A British company is offering seats to adventurers willing to go the extra mile on a journey to the moon.The first 500,000-mile round trip in a converted Soviet-era space station could take place as early as 2015. The private British space company will carry out the first manned moon mission since Apollo 17 in 1972. The aim is for 3 people to fly to the moon, orbit the lunar surface, parachuting to the ground and return safely to earth. Seems like another big step for mankind if one day travel agencies maybe catering for out of space ‘resorts’.
6. Food In A Pill
It is said this idea was actually first envisioned in the 1800s to spare animals from slaughter, while others saw it as a way to feed the planet’s growing population without causing too much demand from the planet itself. Today’s society with the increase in working hours and less leisure time we have resorted to packing lunch into small boxes or bars. It could be possibly our future ancestors will evolve to create pills containing all the nutrients required for a meal. Food supplement pills have already been marketed but they specialise in gym related products. The only problem with this idea is that people like to eat because food tastes good – pills generally don’t.
5. The Air Conditioned Suit
When air conditioning was first invented in 1902 it was described as having a drawback. It required people to stay indoors to stay cool. Wouldn’t it be better if you could wear air conditioning on your body, so you could stroll down the street on the hottest day in July without breaking a sweat? Futurists dreamed of just that, and in 1951, scientists touted the idea of an air-conditioned suit cooled through ducts built into an insulated lining, which would be cooled by a small refrigeration unit attached to the body. In 1993, an inventor actually patented a “wearable air conditioner” with water-filled coils built into the fabric that would be cooled by reactions. However it never made it into stores possibly because of how much a water-filled suit might weigh.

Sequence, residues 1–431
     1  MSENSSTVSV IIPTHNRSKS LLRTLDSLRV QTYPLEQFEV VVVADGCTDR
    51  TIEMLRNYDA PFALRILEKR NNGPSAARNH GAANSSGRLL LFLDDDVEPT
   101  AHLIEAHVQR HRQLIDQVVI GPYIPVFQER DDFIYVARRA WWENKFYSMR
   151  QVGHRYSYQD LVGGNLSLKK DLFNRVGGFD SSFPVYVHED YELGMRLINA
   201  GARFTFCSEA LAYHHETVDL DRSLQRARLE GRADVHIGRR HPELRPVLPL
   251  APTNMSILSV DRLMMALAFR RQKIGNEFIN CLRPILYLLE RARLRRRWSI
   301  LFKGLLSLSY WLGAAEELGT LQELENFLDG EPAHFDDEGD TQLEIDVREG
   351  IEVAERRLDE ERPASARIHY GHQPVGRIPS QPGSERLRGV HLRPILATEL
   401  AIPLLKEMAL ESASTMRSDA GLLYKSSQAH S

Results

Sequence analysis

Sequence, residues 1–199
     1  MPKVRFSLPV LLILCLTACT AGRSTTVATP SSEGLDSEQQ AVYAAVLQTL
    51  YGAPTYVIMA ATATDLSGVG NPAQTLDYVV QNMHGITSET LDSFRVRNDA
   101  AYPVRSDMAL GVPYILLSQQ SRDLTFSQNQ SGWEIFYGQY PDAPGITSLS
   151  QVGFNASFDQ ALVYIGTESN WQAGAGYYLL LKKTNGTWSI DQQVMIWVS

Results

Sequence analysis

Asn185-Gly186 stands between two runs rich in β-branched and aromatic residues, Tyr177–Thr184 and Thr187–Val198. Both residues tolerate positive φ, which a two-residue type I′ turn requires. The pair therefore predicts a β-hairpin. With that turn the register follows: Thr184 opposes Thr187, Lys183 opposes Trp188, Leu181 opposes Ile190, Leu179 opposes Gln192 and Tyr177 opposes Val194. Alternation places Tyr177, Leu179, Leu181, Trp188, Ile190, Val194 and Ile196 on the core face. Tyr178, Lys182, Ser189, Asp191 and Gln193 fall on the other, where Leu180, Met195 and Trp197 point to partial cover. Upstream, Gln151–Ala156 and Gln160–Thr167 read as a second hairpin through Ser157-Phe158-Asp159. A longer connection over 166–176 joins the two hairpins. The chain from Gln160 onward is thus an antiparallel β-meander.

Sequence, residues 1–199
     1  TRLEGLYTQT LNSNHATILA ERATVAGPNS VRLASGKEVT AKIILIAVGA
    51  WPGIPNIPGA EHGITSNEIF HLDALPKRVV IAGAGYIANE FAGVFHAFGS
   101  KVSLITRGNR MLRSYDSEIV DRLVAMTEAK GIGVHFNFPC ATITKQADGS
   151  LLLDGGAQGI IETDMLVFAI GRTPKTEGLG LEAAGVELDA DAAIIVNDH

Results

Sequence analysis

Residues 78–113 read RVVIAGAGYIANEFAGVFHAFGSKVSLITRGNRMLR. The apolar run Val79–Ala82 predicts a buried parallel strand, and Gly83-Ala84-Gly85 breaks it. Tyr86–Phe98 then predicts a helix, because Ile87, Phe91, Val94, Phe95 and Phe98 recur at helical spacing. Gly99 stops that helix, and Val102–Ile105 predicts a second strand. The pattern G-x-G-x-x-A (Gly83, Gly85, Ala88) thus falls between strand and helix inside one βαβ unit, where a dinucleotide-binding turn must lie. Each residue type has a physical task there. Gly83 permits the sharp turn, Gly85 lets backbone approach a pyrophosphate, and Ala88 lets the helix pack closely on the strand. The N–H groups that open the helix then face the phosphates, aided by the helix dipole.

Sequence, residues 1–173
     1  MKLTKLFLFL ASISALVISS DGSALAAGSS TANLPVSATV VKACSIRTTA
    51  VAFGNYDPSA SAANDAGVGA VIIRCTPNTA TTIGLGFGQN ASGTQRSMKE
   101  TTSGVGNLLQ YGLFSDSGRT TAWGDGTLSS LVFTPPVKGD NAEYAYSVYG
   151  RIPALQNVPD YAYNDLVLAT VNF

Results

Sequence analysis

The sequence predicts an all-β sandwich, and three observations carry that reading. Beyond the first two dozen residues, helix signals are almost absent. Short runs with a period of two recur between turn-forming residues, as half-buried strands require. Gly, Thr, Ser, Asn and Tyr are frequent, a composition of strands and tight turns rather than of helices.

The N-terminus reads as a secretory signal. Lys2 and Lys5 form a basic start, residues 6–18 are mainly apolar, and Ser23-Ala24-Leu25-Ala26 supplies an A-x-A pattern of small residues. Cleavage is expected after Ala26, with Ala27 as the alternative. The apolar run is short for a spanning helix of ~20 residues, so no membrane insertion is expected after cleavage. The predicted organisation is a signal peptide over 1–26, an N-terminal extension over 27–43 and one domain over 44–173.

Looking back in history humans have turned to just about every viable option on the planet for new means of destroying one another. The use of biological weapons, or bioweapons, dates back to the ancient world. As early as 1,500 B.C. the Hittites of Asia Minor sent plague victims into enemy lands. Some historians even argue that the 10 biblical plagues Moses called down against the Egyptians may have been more of a biological warfare rather than the acts of God. Advances in medical science have led to an understanding of harmful pathogens and the way our immune systems deal with them. But while these advancements have led to vaccinations and cures, they have also led to the further weaponisation of some of the most destructive biological agents on the planet. Today, biological weapons are outlawed under 1972’s Biological Weapons Convention. But while a number of nations have ceased research into their biological weapons the threat remains.